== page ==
Creating a workplace that not only grows but thrives can be a challenge for even the top businesses. When your team feels trusted to share their opinions and challenge the status quo, they have the space to exercise curiosity. However, when curiosity isn’t encouraged, your team can become stagnant and complacent.
There are three roadblocks we’ve identified that can keep you from being a leader that promotes growth. There are some simple actions you can take to avoid stagnation and isolation.
ROADBLOCK #1: You are involved in or make every decision.
Influential leaders know that trust and delegation is an essential component to creating a highly-functioning team. If you operate using a command and control method, you aren’t encouraging your team to stay curious. You’re teaching them that it’s your way or the highway. When you show your team that collaboration and innovation are more important to you than complete control, your opinion carries more weight and your team feels like they have a real seat at the table.
ROADBLOCK #2: You deliver instructions and opinions more than you ask questions and seek input.
If you struggle with this roadblock as a leader, you might be running a dictatorship rather than a team. When you stop asking questions and pushing the limit, business growth plateaus because no one seeks improvement. Their lack of curiosity leads to your overwhelm and their disengagement. When you take the time to regularly communicate and seek your team’s feedback or opinions, they feel free to honestly engage with their own thoughts.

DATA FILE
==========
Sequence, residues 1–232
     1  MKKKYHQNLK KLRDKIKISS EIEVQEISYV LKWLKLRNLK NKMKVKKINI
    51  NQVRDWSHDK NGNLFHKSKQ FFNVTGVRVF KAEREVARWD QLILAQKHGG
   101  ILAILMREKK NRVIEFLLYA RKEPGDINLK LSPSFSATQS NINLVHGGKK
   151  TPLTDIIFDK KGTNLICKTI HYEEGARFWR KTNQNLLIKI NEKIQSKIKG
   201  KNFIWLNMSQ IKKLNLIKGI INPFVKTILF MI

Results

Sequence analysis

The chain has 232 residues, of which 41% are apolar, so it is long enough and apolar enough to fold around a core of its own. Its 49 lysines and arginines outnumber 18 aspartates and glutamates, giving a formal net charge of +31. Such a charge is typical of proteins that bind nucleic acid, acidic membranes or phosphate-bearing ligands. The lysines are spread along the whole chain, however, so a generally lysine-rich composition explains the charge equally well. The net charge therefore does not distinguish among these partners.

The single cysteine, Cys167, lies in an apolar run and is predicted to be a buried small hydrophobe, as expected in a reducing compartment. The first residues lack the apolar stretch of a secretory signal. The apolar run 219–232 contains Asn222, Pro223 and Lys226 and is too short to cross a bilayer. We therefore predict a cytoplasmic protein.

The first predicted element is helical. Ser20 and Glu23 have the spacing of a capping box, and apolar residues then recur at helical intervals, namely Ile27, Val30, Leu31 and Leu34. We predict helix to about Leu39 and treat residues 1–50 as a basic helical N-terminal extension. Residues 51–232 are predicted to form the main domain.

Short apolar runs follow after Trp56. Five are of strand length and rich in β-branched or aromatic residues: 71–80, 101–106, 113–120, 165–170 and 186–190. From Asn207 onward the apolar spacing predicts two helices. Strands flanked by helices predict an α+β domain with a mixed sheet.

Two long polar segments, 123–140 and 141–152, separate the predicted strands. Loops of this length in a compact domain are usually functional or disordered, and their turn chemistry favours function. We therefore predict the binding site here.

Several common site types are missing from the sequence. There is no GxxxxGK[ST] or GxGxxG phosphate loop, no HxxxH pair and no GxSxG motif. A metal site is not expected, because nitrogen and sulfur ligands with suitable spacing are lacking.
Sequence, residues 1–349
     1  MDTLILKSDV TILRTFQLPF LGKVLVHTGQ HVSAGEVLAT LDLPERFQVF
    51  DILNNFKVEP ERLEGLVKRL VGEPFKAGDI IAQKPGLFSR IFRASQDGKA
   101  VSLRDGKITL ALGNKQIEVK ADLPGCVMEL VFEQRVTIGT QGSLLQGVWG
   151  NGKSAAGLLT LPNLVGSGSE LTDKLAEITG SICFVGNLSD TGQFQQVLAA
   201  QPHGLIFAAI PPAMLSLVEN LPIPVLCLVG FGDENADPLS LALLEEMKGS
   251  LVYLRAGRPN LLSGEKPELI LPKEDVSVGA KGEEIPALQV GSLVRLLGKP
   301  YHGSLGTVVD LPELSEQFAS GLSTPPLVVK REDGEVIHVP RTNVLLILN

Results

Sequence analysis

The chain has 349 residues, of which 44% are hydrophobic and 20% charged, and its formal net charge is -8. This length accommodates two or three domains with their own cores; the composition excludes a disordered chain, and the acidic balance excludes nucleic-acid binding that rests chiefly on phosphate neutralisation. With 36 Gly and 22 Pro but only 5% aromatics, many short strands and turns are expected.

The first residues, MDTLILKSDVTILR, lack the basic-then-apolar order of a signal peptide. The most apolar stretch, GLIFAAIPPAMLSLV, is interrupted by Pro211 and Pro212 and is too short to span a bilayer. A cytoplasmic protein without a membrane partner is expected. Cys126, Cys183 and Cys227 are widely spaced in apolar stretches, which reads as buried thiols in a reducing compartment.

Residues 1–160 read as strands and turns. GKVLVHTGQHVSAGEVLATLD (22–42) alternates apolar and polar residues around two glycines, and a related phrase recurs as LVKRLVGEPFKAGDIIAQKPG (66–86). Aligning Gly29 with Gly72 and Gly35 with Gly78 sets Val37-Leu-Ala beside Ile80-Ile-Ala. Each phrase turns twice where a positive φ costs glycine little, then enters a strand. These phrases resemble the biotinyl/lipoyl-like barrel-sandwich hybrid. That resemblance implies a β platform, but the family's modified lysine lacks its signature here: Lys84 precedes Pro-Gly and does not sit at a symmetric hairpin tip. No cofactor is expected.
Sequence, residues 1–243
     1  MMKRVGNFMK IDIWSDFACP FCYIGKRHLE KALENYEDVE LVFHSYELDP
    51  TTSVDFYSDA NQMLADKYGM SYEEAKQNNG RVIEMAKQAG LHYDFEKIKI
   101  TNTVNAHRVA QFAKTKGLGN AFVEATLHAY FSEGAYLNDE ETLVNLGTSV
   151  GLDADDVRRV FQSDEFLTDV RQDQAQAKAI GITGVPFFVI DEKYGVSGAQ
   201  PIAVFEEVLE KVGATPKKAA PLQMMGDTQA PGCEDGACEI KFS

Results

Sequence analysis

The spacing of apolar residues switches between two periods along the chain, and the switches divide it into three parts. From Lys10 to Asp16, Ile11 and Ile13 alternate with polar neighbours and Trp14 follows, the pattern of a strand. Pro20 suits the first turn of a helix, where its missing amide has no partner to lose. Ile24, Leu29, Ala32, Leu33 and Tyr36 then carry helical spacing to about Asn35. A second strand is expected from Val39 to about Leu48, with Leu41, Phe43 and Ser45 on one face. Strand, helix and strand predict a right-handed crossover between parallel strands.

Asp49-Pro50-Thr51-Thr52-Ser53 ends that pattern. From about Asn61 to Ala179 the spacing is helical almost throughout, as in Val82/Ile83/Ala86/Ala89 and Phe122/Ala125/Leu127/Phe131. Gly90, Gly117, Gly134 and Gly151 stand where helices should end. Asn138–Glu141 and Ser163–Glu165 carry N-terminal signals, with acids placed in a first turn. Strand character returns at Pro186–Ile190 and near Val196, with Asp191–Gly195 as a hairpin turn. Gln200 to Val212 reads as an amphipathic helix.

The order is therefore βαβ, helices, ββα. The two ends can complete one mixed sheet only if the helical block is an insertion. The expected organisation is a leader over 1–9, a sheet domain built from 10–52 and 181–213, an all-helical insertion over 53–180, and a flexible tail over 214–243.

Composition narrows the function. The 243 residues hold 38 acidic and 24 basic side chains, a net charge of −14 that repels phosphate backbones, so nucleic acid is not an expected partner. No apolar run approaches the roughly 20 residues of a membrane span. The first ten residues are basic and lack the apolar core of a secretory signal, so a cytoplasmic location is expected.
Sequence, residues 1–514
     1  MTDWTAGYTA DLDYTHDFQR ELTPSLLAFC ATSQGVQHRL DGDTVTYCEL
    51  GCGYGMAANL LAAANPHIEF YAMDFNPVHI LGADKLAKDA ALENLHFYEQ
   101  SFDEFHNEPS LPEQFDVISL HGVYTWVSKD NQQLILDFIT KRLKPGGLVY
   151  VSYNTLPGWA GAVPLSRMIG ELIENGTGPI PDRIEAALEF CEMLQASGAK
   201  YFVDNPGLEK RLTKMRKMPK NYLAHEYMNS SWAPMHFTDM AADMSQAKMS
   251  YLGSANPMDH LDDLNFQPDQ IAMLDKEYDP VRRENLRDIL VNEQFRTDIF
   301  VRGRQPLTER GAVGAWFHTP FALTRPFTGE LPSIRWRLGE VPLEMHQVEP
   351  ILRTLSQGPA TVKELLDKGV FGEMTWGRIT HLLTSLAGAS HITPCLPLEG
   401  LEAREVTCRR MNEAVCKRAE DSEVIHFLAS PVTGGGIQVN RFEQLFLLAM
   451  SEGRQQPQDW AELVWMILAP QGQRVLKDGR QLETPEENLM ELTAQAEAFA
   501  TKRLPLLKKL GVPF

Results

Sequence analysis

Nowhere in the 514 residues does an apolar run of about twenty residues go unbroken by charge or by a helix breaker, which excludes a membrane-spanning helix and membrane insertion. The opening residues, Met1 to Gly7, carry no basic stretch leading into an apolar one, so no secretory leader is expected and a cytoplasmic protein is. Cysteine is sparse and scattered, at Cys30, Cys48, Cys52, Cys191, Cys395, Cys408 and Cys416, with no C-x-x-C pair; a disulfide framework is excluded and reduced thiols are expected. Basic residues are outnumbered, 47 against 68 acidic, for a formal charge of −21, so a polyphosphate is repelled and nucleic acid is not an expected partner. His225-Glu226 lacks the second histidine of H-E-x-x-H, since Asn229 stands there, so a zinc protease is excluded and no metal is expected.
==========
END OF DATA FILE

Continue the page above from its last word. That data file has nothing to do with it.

ROADBLOCK #3: You keep experiencing the same problems again and again.
Nobody likes walking in circles. If you do not exercise curiosity, you run the risk of overlooking possibilities, stagnating your growth, and impeding your legacy as an influential leader. When you run into the same problems, you clearly haven’t come up with solutions or dialogue with your team about why the problem is happening in the first place. Starting this dialogue will help reengage your team and reignite their curiosity.
A growth gap leads to isolation and overwhelm. As a curious leader, you build influence when leaning into those around you and engaging in make-it-better conversations. When you actively invite your team to participate in innovation, you commit to growing together.